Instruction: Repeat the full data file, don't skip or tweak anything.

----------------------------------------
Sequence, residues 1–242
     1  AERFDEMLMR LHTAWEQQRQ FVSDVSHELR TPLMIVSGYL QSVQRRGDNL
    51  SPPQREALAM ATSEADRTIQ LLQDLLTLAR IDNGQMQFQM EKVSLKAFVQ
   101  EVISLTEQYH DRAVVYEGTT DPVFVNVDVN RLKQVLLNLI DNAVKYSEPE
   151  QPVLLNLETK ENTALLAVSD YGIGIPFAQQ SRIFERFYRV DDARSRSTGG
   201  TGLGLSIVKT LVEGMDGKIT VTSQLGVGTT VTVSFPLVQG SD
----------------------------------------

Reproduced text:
Sequence, residues 1–242
     1  AERFDEMLMR LHTAWEQQRQ FVSDVSHELR TPLMIVSGYL QSVQRRGDNL
    51  SPPQREALAM ATSEADRTIQ LLQDLLTLAR IDNGQMQFQM EKVSLKAFVQ
   101  EVISLTEQYH DRAVVYEGTT DPVFVNVDVN RLKQVLLNLI DNAVKYSEPE
   151  QPVLLNLETK ENTALLAVSD YGIGIPFAQQ SRIFERFYRV DDARSRSTGG
   201  TGLGLSIVKT LVEGMDGKIT VTSQLGVGTT VTVSFPLVQG SD